Qatar’s human rights record is under scrutiny as the World Cup takes place in Doha. A lot has been written about the treatment of migrant workers who built the stadiums and hotels, but much less about the foreign maids who work for Qatar’s ruling classes. On paper their rights have been strengthened in recent years – but the new rules aren’t always followed.
I make contact with Gladys (not her real name) late at night, after her employers from the Qatari elite have gone to bed.
In a brief online conversation she tells me she works from 8am to 11pm every day. She cleans, helps prepare food and looks after the children.
She eats what’s left from the family’s meals, and says she hasn’t had a day off since she started 18 months ago.
“Madam is crazy,” Gladys, a Filipina woman in her 40s, says about her employer. “She shouts at me every day.”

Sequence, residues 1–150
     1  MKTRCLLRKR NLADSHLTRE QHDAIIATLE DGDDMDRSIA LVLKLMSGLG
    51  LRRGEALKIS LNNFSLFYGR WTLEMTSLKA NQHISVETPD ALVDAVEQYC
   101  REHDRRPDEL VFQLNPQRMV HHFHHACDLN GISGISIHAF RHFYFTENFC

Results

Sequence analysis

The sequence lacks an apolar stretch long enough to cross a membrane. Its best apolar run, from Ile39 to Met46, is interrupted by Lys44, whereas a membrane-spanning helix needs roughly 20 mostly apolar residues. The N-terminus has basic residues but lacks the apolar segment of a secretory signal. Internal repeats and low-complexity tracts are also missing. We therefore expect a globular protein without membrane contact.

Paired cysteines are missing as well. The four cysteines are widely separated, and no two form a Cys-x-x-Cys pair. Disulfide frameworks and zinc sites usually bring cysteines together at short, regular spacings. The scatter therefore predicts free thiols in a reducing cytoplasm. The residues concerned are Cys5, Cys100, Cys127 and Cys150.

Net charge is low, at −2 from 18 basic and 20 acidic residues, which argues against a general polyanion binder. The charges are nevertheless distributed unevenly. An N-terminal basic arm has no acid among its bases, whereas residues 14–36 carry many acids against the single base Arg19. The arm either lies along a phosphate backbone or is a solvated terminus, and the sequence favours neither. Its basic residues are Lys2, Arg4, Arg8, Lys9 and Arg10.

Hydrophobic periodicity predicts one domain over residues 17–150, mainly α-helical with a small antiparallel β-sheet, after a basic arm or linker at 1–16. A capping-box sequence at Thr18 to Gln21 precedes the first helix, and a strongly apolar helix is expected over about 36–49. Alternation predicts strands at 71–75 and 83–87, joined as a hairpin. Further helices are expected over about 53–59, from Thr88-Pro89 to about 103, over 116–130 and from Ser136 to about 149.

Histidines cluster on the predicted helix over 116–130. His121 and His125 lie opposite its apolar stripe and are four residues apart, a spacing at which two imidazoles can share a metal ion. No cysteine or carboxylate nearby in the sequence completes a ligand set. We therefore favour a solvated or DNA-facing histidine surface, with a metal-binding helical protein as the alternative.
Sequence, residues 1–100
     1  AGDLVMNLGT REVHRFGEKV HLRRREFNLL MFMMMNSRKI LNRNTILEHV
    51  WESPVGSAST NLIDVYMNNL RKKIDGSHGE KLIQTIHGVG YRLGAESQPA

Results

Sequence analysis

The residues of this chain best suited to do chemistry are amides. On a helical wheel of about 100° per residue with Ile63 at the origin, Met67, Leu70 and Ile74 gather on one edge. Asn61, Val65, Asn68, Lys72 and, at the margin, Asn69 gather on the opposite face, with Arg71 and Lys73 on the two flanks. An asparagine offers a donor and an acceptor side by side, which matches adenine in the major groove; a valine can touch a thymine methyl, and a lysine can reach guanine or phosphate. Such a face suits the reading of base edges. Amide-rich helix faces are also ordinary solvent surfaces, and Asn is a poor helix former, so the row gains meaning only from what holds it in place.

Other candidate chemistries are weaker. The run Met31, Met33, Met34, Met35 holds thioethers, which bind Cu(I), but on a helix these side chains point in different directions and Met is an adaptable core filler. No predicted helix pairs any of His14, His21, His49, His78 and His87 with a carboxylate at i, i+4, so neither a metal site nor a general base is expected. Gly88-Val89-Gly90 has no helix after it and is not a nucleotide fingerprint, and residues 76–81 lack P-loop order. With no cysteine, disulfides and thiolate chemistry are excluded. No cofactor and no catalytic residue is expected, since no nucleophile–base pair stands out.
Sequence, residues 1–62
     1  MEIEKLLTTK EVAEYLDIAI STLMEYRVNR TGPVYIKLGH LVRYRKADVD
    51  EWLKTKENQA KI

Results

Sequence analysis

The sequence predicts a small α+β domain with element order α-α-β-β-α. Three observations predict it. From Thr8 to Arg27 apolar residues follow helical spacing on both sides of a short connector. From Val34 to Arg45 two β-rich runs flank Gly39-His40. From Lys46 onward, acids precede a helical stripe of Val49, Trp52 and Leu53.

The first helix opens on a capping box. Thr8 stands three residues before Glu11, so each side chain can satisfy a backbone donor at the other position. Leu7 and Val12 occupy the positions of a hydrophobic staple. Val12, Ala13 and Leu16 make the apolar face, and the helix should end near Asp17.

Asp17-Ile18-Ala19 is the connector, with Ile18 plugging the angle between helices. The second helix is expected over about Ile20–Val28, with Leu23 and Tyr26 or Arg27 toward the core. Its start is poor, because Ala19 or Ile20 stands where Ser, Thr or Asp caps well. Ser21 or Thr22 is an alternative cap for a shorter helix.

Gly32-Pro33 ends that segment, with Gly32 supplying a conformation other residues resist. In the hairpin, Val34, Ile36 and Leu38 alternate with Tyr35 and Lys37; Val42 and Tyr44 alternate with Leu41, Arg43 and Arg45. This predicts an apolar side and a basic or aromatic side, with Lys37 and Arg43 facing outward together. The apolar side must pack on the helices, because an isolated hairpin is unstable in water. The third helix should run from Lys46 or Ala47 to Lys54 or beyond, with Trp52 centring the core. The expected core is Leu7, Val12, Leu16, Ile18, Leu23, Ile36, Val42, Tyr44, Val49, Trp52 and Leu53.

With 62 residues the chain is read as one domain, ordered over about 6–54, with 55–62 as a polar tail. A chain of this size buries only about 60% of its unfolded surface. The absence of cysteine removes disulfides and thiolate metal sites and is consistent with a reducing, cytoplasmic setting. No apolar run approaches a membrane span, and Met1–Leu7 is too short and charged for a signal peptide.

Before Qatar won the competition to host the 2022 World Cup, foreign workers were unable to change jobs or leave the country without their employer’s permission. It’s still like this in most Gulf states.
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Under scrutiny, Qatar began to introduce reforms, but Amnesty International says these have failed to end a pattern of abuses faced by domestic workers.
For example, Gladys’s employer has held on to her passport, preventing her from leaving without his consent.
But Gladys still feels lucky. At least she has been allowed to keep her phone, she says, unlike some other foreign maids. Also, she is not physically abused. In Qatar, this happens all too often, she says.
There is another reason she wants to stay in her current job – she thinks it’s unlikely at her age that she will get a better one. She earns 1,500 rials a month (just under £350) and is able to send it all home to support her family.